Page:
The Hotspot JVM is a compiler. Like every compiler, it has strengths and weaknesses. 100 million JPEG inverse DCTs take 8.5 seconds in optimized GCC, but 18.5 seconds in Java, because GCC makes heavy use of SIMD, while Hotspot currently uses SSE registers only for one value at a time. By comparison, I’ve seen an audio codec, ported from C to Java, be 3-4 times faster in Java, because Hotspot is brilliant at method inlining and it does inter-procedural optimizations that most C compilers still do not do. Also JVMs can do biased locking, adaptive spinning, escape analysis, and other things that AOT copilers with their statically generated code cannot.

LLVM might be able to eventually bring some of those optimizations to JITed C/C++, but they have it much harder, since pointers make correct compiler optimizations very hard. And just like writing C turned out to mostly outperform hand-written assembly, higher level languages will eventually outperform C - and already are getting competitive.

As for the alleged lack of applications in Java someone mentioned, uhm, it is only the leading language on Sourceforge.

By excluding Java from Haiku, you’re not just excluding significant applications and developers, but an entire platform, something a small project really shouldn’t be doing.

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Its a sucky platform :stuck_out_tongue: while execution speed may be comparable for longer running programs java programs lack the responsivness and lightweightness due to the requirement of a usually heavy VM and especially heavy in the case of OpenJDK VM.

That aside who really cares as long as it says merely optional and I am sure it will. Java isn’t so bad for some things I actually used it in a digital signal processing class recently oddly enough and it was much better than Matlab for our use case.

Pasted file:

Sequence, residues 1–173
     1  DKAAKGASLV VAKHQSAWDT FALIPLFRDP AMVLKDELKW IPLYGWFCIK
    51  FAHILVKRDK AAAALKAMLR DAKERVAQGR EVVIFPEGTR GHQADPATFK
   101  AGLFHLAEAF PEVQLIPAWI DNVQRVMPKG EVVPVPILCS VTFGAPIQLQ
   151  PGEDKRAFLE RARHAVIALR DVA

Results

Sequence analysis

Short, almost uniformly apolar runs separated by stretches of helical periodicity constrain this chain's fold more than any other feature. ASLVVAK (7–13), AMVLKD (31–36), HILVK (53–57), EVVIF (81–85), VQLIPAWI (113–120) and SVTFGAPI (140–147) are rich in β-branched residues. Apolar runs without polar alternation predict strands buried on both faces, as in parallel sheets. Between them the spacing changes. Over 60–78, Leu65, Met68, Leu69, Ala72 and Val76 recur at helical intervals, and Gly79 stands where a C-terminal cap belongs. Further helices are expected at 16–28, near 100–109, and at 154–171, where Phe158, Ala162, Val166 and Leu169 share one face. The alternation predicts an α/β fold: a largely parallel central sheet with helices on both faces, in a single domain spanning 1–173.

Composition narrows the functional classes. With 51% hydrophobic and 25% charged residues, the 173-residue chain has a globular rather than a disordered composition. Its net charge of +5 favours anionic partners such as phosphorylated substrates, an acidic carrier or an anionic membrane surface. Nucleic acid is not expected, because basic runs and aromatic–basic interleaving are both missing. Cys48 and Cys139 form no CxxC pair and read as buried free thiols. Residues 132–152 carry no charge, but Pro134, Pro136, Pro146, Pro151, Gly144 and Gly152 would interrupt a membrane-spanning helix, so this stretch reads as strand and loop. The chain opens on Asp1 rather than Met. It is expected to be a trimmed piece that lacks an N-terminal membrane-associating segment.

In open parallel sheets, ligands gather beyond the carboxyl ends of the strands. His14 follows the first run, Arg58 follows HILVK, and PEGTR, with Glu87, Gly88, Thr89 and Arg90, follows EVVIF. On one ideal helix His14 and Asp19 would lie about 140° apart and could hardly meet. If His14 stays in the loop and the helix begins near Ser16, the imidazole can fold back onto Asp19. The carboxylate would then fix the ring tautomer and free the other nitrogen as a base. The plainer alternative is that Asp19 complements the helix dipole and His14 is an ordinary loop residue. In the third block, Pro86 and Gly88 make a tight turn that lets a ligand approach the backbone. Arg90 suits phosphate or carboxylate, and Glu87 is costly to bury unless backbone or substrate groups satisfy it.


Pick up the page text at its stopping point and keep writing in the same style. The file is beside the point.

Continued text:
I will say one thing though Java is alot more fun if you have a decent autocompleting IDE…and if you are doing graphical programs a layout system like netbeans.

Mega-LOL: MATLAB makes heavy use of Java internally :-).

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How is the above statement (excerpt from the post) judged by haiku developers and haiku ‘users’ today?

Things have changed since 9 years ago. Java JDKs from 8 to 13 are already included as third-party packages on HaikuPorts.

Also with some significant applications running on it: Java & Python IDE packages

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@return_0e Thank you for your reply!

A long time ago there was a “Haiku apps repository” from Michel Clasquin-Johnson with very interesting and (at that time) executable Java software.
Since then I have been keeping an eye on “Ancestris” for Windows ( , not to be confused with Ancestry).
It was available as version 0.9 (more like 9.x) in the professor’s repository.
I reported about this to Frédéric Lapeyre (President Ancestris Team) and shortly afterwards I found Haiku (albeit incorrectly) under ‘Download Linux’ as an OS + link to the repository of Prof. Clasquin-Johnson.
But that was a flash in the pan, because not long afterwards Ancestris could no longer start under Haiku. Most Java software doesn’t either. What a shame!